(57)

where

$$ \chi^0_{\mu\nu}(i\omega) = \sum_{ij} \frac{(f_i-f_j)C_{ij}^\mu C_{ji}^\nu}{\epsilon_i - \epsilon_j - i\omega}. $$
(58)

Introducing the Coulomb matrix

$$ V_{\mu\nu} = \iint {\rm d}{\bf r}{\bf r^{\prime}} P_\mu({\bf r}) v({\bf r},{\bf r^{\prime}})P_{\nu}({\bf r^{\prime}}), $$
(59)

we obtain the first term in (52)

$$ \begin{aligned} E_{\rm c}^{(2)} = & -\frac{1}{4\pi} \int\limits_0^\infty d\omega \int\cdots\int {\rm d}{\bf r} {\rm d}{\bf r}_1 {\rm d}{\bf r}_2 {\rm d}{\bf r^{\prime}} \\ &\quad \times \chi^0({\bf r},{\bf r}_1) v({\bf r}_1,{\bf r}_2) \chi^0({\bf r}_2,{\bf r^{\prime}}) v({\bf r^{\prime}},{\bf r}) \\ = & -\frac{1}{4\pi} \int\limits_0^\infty d\omega \sum_{\mu\nu,\alpha\beta} \chi^0_{\mu\nu}(i\omega) V_{\nu\alpha} \chi^0_{\alpha\beta}(i\omega) V_{\beta,\mu} \\ = & -\frac{1}{4\pi} \int\limits_0^\infty {\rm d}\omega \hbox{Tr}\left[\left(\chi^0(i\omega)V\right)^2\right]. \end{aligned} $$
(60)

This term corresponds to the second-order direct correlation energy also found in MP2. Similar equations hold for the higher order terms in (52). This suggests that the trace operation in Eq. (23) can be re-interpreted as a summation over auxiliary basis function indices, namely, \(\hbox{Tr}\left[AB\right] = \sum_{\mu\nu}A_{\mu\nu}B_{\nu\mu}, \) provided that χ0(rr′, iω) and v(rr′) are represented in terms of a suitable set of auxiliary basis functions. Equations (23), (58), and (59) constitute a practical scheme for RI-RPA. In this implementation, the most expensive step is Eq. (58) for the construction of the independent response function, scaling as N 2aux N occ N vir. We note that the same is true for standard plane-wave implementations [112] where N aux corresponds to the number of plane waves used to expand the response function. In that sense RI-based local-basis function implementations are very similar to plane-wave-based or LAPW-based implementations, where the plane waves themselves or the mixed product basis serve as the auxiliary basis set.

Appendix 2: Error statistics for G2-I, S22, and NHBH38/NHTBH38 test sets

Tables 2, 3, and 4 present a more detailed error analysis for the G2-I, S22, and NHBH38/NHTBH38 test sets. Given are the mean error (ME), the mean absolute error (MAE), the mean absolute percentage error (MAPE), the maximum absolute percentage error (MaxAPE), and the maximum absolute error (MaxAE).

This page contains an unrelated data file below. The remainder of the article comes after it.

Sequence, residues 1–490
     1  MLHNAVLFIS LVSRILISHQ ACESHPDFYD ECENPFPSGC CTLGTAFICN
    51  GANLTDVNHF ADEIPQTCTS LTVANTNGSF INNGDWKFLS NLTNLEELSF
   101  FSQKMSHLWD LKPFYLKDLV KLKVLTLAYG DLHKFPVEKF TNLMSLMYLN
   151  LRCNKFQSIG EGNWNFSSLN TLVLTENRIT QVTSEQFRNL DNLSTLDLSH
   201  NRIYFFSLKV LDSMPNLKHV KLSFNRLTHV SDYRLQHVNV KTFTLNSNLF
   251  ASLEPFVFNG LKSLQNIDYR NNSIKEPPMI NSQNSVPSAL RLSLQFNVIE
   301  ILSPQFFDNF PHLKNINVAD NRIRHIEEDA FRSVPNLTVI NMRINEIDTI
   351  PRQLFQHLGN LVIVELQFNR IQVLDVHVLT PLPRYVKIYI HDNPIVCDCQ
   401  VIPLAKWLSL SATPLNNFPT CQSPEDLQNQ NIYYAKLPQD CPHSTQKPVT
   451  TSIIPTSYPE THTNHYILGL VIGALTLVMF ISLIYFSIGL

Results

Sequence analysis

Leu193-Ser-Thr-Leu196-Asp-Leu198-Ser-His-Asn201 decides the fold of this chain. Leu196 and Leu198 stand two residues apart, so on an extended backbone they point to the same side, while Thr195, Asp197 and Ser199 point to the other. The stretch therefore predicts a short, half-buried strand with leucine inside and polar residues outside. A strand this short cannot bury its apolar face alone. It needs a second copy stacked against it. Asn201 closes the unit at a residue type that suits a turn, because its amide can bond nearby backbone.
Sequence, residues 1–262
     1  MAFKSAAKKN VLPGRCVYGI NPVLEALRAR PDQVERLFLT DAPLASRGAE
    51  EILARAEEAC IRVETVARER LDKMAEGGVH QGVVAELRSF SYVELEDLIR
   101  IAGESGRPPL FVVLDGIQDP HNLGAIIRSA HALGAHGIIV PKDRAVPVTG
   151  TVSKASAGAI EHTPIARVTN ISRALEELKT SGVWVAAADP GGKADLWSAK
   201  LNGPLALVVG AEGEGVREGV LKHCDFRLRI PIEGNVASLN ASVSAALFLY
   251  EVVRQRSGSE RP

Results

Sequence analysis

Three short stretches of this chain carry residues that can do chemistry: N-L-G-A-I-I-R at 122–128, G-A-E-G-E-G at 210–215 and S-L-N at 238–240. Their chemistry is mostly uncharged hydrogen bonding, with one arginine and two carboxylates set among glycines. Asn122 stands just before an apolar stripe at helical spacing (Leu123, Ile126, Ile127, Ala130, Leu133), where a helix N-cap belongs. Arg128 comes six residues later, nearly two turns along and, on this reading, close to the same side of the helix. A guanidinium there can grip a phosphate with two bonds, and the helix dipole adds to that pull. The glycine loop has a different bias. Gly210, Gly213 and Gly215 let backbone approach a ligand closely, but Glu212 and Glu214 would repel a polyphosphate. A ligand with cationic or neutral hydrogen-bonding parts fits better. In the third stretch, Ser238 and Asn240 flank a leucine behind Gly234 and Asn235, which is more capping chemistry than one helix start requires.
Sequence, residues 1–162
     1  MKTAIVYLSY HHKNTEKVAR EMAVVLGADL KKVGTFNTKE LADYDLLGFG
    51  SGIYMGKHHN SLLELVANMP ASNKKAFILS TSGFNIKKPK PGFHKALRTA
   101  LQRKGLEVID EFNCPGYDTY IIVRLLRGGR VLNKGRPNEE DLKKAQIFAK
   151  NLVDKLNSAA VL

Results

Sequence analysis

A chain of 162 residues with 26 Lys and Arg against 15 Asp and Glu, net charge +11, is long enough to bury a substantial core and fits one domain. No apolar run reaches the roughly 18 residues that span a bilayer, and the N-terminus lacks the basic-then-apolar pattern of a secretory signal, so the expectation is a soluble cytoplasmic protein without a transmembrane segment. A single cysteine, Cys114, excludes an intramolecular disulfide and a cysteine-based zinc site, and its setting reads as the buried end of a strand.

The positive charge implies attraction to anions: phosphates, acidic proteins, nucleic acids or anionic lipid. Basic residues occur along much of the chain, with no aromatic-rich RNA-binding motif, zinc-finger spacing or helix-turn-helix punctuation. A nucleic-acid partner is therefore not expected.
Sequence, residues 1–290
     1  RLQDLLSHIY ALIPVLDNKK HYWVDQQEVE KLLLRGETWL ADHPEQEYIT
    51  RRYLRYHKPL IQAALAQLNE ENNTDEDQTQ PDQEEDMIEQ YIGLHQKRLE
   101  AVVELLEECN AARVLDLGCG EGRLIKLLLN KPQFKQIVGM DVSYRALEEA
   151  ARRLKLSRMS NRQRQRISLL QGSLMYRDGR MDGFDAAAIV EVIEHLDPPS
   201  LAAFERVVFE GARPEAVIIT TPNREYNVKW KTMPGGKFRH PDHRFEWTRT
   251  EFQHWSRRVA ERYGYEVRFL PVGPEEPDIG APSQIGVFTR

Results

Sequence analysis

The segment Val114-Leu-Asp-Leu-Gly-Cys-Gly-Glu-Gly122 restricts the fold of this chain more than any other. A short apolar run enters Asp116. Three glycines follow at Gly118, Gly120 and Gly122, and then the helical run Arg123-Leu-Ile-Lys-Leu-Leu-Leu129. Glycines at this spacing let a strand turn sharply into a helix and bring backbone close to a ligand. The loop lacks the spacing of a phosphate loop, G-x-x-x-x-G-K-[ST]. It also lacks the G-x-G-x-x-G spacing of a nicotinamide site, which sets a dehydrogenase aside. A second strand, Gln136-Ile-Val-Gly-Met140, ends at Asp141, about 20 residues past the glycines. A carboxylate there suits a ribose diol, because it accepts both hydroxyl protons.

Table 2 ME (in eV), MAE (in eV), MAPE (%), MaxAPE(%) for atomization energies of the G2-I set obtained with four RPA-based approaches in addition to PBE, PBE0 and MP2. A negative ME indicates overbinding (on average) and a positive ME underbinding. The cc-pV6Z basis set was used
Table 3 ME (in meV), MAE (in meV), MAPE (%), and MaxAPE(%) for the S22 test set [144] obtained with five RPA-based approaches in addition to PBE, PBE0, and MP2 obtained with FHI-aims. The basis set “tier 4 + a5Z-d” [133] was used in all calculations
Table 4 ME, MAE, and MaxAE (in eV) for the HTBH38 [187] and NHTBH38 [188] test sets obtained with four RPA-based approaches in addition to PBE, PBE0, and MP2, as obtained using FHI-aims. The cc-pV6Z basis set was used in all calculations. Negative ME indicates an underestimation of the barrier height on average

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Ren, X., Rinke, P., Joas, C. et al. Random-phase approximation and its applications in computational chemistry and materials science. J Mater Sci 47, 7447–7471 (2012). https://doi.org/10.1007/s10853-012-6570-4

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Keywords

  • Mean Absolute Percentage Error
  • Mean Absolute Error
  • Atomization Energy
  • Dissociation Limit
  • Coulomb Integral